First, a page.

The system has cut down the construction costs of the facility by using agricultural greenhouses as is the case in sunlight type plant factories. By installing high-strength LED lights as the light source, the system ensures a cultivation environment where vegetables can grow without any inhibitions while reducing power consumption.

As a certain level of quality is required for vegetables for processing use and commercial use, in the case of open field vegetables, only 60-70% of vegetables on average are used as raw materials for fresh-cut vegetables because of excluding the portion damaged by insects etc. If a torrential downpour occurs, the supply of vegetables will not be able to keep up with the demand and prices will soar. At the newly developed plant factory, the system has ensured a stable supply, achieving quality so high that almost all of the vegetables can be used for the products (a yield rate of 90% or more).

For ensuring the high quality of vegetables, a newly developed air-conditioning system to send wind effectively to the growth point of vegetables has been installed in a new artificial light hydroponics system. The system prevents tip burn (bruises caused by a lack of nutrients) that degrades product quality.

In addition, an automatic spacing function is installed to extend the space between vegetables as they grow. The automated and unmanned cultivation area drastically increased operating efficiency and hygiene. The factory can be operated by a third of the staff required in conventional plant factories and minimizes the risk of contamination by foreign substances, including pests.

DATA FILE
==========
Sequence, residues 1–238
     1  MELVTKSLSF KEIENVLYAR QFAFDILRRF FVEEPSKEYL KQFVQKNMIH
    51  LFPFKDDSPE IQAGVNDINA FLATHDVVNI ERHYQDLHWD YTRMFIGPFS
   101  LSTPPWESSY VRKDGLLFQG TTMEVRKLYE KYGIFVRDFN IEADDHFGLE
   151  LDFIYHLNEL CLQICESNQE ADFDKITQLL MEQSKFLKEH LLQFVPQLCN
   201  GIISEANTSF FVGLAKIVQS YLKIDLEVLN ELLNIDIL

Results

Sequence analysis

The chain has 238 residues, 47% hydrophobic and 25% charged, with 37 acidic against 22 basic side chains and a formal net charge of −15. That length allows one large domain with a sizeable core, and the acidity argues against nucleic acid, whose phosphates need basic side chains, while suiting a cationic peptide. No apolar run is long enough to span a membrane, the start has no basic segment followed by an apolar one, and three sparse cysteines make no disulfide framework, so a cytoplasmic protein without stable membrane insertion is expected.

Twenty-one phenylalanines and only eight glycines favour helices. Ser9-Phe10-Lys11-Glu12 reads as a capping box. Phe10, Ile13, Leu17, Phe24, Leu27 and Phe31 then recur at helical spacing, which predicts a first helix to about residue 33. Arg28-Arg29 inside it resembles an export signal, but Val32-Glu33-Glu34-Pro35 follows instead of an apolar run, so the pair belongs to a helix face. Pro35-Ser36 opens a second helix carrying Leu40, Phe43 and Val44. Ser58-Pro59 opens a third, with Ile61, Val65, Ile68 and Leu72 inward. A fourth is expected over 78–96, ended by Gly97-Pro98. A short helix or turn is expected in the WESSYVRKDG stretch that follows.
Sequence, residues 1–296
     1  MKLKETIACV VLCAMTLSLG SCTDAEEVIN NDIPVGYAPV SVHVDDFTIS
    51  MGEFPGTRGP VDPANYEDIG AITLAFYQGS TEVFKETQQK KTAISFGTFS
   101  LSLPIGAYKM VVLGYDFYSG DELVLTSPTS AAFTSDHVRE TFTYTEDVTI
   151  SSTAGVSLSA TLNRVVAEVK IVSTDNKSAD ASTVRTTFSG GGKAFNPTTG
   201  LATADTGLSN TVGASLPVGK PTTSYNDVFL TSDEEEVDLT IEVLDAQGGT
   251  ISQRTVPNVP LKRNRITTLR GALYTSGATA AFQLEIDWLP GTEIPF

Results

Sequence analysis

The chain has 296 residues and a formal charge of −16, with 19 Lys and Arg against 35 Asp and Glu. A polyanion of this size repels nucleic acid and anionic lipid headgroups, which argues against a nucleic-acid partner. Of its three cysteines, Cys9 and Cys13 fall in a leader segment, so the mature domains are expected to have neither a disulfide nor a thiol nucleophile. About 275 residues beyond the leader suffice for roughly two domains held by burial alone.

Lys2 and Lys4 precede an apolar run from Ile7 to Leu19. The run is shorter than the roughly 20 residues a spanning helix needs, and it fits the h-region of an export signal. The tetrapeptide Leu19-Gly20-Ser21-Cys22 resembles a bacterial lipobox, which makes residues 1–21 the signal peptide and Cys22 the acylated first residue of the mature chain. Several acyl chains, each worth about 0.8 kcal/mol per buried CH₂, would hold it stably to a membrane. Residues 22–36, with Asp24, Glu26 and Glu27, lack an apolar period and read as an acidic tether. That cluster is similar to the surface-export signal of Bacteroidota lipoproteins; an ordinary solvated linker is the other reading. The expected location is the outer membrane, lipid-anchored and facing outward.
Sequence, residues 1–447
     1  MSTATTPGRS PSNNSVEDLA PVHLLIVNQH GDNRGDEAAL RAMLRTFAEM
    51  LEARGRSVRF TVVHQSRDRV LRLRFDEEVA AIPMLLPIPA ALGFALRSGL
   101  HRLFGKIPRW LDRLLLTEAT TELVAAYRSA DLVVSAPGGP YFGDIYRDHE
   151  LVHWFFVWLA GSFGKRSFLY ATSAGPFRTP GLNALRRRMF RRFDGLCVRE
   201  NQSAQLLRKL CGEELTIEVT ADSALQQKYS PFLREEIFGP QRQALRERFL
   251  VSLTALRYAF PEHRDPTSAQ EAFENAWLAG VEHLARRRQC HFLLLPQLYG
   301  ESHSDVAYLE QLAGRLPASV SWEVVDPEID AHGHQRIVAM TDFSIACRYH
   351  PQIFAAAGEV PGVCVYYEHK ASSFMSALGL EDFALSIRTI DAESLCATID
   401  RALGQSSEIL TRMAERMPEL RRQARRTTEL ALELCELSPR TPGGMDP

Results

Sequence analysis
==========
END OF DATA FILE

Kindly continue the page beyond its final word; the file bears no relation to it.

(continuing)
The new plant factory, AN with such advantages has achieved a production cost of vegetables 50% less than that at the Group’s conventional fully artificial light type plant factory. The vegetables are better in quality, and the yield amount per plant three or more times that at conventional factories was recorded in the comparison of leaf lettuces. In addition to being efficient, the new factory can grow fresh and tasty vegetables.

The MCG Group has just begun to promote new plant factory to the market. The Group is aiming at full-scale promotion of the factory by establishing a system to further lower production costs.

The word “factory” may give an artificial and inorganic impression to those who first learned the term “plant factory” from this article. The MCG Group, however, aims to develop a plant factory system of Sampo-yoshi, meaning “three-way satisfaction” in Japanese.

Reduction in environmental impacts contributes to the achievement of sustainability. Pesticide-free cultivation contributes to peoples’ health. And stable earnings improve the business conditions of farmers and allow the manpower shortage to be addressed. The global environment, consumers and producers all benefit. The MCG Group expects that its plant factories will bring such an ideal future, and this is what the achievement of sustainable agriculture means.